understanding landscape process through everyday practice
Thirteen years ago, in introducing his seminal compilation, “Recovering Landscape,” James Corner presents a vision of landscape as cultural practice: an ongoing project constructed through a multitude of actions, and containing its own agency. By emphasizing landscape “as verb, as process, or activity,”i the medium pivoted away from its historic origins as scene or resource, expanding the scope of practice to engage the many systems operating across the boundaries of a site. By emphasizing the constructedness of the medium, landscape becomes an overlooked instrument for understanding urbanization, and despite its eventual reduction to “_____-urbanism,” this paradigm shift can perhaps be credited for the profound resurgence of interest in the field by unemployed the 20-somethings, hipsters, potential MFA’s and disillusioned environmentalists of the oughts (such as myself).
But moving from discourse to practice, how landscape urbanism has engaged with this landscape-as-verb recovery is a bit surprising: digital abstraction of systems, digital representation of idealized landscape, digital production of form—the principle method of understanding and engaging with process is often entirely mediated through computer technology.ii It has become a genre: a mode of landscape research, a mode of marketing, and perhaps most importantly, designed landscapes now resemble their digital technology as much as their designer’s intention. Lefebvre’s Spatial Triad is helpful in understanding this contemporary production of space, the abstract representational space and representations of space in digital design seem to have completely replaced the concrete spatial practices of landscape process that were originally so inspirational. Site context is marginalized by designer utopia.iii
This is not meant to be polemical, nostalgic or techno-phobic, understanding technology is essential to understanding how landscape is produced, and computer technology is but one important category of the many instruments that materially produce landscape.iv But when a designed earthwork or retaining wall now strangely resemble the Triangular-Irregular Network (1973) that translates a surface through my computer screen, it suggests that landscape is frequently being designed to match our visualization technology’s depiction of landscape. While one objective of digital representation and modeling is to generate creativity and alternative approaches to form, several underlying questions remain: how does mediating landscape entirely through digital technology affect design intention differently than direct experience with landscape?v Is it even possible in contemporary practice for a designer to directly mediate the concrete landscape from a distance? How can digital technology represent these practices without replacing them? How can representations of space be adaptive to concrete space? These are not new questions, but continual (or at least should be) quandaries of representation.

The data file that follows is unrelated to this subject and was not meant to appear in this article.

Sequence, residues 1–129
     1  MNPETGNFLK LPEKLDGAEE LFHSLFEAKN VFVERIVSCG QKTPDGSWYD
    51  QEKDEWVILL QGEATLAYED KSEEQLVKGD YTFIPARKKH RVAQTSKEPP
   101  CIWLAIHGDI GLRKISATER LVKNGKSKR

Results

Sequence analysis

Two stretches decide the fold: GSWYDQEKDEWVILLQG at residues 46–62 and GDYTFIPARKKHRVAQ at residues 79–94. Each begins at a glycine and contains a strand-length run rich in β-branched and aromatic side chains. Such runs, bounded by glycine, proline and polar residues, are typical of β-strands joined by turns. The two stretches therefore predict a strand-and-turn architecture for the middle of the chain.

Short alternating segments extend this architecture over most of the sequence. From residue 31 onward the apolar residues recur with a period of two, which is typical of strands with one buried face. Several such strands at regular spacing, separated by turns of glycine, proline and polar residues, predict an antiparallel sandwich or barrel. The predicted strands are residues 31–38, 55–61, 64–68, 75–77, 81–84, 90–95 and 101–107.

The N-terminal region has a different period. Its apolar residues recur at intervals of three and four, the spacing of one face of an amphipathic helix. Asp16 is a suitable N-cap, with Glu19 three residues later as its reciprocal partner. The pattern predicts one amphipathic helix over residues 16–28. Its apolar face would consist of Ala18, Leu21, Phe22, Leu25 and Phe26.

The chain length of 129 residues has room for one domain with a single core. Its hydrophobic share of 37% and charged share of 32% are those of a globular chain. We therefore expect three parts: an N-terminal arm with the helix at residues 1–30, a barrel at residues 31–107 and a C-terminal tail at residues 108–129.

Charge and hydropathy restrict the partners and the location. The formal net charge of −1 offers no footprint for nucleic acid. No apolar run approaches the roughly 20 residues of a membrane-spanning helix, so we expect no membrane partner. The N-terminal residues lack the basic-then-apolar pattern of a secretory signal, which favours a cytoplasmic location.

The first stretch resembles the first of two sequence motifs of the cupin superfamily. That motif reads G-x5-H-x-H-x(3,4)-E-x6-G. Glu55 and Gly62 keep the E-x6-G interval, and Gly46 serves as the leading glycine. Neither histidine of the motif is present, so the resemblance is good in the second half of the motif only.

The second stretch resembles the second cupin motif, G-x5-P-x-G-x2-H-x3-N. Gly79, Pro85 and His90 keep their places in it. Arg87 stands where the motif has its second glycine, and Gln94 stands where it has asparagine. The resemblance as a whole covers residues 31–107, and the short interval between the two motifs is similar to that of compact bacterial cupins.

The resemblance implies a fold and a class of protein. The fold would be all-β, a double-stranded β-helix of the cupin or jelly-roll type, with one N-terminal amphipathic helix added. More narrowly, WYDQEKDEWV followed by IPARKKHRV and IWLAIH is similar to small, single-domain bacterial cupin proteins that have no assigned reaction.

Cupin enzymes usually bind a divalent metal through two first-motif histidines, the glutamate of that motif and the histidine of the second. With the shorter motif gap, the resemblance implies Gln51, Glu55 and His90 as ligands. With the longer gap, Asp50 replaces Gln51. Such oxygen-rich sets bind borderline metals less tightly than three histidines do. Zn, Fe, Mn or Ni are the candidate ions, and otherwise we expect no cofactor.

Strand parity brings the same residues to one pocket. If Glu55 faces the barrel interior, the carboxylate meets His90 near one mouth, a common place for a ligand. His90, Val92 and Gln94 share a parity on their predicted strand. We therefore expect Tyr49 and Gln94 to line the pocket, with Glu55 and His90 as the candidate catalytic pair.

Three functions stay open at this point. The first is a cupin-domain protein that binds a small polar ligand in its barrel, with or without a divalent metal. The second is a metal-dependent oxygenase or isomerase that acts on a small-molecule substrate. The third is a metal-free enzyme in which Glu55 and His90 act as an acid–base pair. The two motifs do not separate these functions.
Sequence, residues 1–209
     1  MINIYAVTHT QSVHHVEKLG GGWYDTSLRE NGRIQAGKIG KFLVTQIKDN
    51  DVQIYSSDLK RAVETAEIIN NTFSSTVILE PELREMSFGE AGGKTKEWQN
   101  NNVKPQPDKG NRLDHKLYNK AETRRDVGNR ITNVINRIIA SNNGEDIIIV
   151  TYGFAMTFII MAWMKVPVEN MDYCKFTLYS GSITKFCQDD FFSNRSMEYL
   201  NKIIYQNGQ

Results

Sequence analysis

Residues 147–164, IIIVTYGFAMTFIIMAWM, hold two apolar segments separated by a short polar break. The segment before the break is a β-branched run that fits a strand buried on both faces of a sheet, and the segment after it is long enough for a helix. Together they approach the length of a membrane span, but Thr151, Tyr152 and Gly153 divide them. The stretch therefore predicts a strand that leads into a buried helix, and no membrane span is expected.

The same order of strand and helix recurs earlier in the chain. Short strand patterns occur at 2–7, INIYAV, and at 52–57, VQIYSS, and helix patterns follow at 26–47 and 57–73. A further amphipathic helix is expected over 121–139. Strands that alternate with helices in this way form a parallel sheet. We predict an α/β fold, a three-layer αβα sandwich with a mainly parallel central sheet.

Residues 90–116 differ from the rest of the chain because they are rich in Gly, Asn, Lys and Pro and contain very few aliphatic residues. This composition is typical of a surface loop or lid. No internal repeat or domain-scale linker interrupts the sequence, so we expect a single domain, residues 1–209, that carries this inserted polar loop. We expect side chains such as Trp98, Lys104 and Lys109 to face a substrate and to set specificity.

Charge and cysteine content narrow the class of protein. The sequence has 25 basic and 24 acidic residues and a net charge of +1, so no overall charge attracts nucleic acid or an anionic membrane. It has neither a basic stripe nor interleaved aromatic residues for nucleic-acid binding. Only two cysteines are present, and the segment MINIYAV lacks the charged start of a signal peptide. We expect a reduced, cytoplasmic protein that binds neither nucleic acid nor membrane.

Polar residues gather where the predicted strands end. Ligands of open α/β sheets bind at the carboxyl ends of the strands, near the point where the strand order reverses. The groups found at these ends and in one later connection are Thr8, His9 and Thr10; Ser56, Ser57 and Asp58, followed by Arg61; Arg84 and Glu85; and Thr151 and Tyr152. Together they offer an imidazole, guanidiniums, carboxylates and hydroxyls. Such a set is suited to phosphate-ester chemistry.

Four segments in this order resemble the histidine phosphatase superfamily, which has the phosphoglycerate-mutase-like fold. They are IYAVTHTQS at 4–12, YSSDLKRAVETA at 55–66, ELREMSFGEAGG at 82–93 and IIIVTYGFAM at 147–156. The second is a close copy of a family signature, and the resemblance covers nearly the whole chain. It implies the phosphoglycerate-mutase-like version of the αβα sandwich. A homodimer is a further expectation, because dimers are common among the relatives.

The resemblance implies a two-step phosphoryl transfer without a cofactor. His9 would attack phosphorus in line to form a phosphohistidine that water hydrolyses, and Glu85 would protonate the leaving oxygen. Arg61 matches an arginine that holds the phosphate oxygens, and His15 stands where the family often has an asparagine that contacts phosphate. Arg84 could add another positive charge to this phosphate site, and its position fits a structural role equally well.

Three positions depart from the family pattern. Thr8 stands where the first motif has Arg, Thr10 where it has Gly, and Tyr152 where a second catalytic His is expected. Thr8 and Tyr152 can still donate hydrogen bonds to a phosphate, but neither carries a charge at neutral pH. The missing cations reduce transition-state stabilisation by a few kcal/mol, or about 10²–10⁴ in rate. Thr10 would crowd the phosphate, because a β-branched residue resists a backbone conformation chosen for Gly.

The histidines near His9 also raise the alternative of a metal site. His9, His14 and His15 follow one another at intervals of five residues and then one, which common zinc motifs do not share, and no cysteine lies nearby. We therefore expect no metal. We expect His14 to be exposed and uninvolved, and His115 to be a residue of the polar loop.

With these questions, I return to landscape-as-verb, remembering how striking it was to read this passage as a former landscaper—as onewhosepractice involved regular, direct interaction with the concrete spatial and material landscape. My time in graduate school has given me an invaluable theoretical understanding of landscape and many new tools and methods for designing, yet I have also become distanced from the everyday landscape practice that critically shaped my understanding of the medium. When I hear a designer complain that their landscape production “wasn’t maintained correctly,” it seems that often they mean that landscape process is not cooperating with their abstract representational space, their utopia. Is not maintenance the ultimate test of a design? Is it not the mark of a “good” designer when they understand everyday life sufficiently to create lasting design? What if the sequence was inverted, and maintenance—or direct mediation with concrete space—preceded and generated design intention?vi How might the social practices of maintenance be utilized as an innovative, resilient landscape practice?
How does maintenance mediate and generate landscape and how can these processes be utilized and represented as design instruments in landscape practice?
iCorner, J. (1999). Recovering landscape as critical cultural practice. Recovering Landscape. Princeton Architectural Press.
iiDee, C. (Jan, 2010). Form, utility and the aesthetics of thrift in design education. Landscape Journal, 29(1), 21-25.
iiiLefabvre, H. (1974/). The Production of Space. trans. Donald Nicholson-Smith, Oxford, 1991.
ivDavis, B. (2012). Instrumentalism. Landscapes and Instruments. Retrieved 7/5/2012 from http://instrumentalism.wordpress.com/instrumentalism/
vCourajoud, M. (2002). Nine rules of a propadeutics for learning landscape design. Gardens in Arms/Jardines Insurgentes. Barcelona.
viRaxworthy, J. (2011) Gardening forms: Landscape architecture and gardening in Sven-Invar Andersson’s garden at Marnas. Journal of Landscape Architecture, 12, 6-19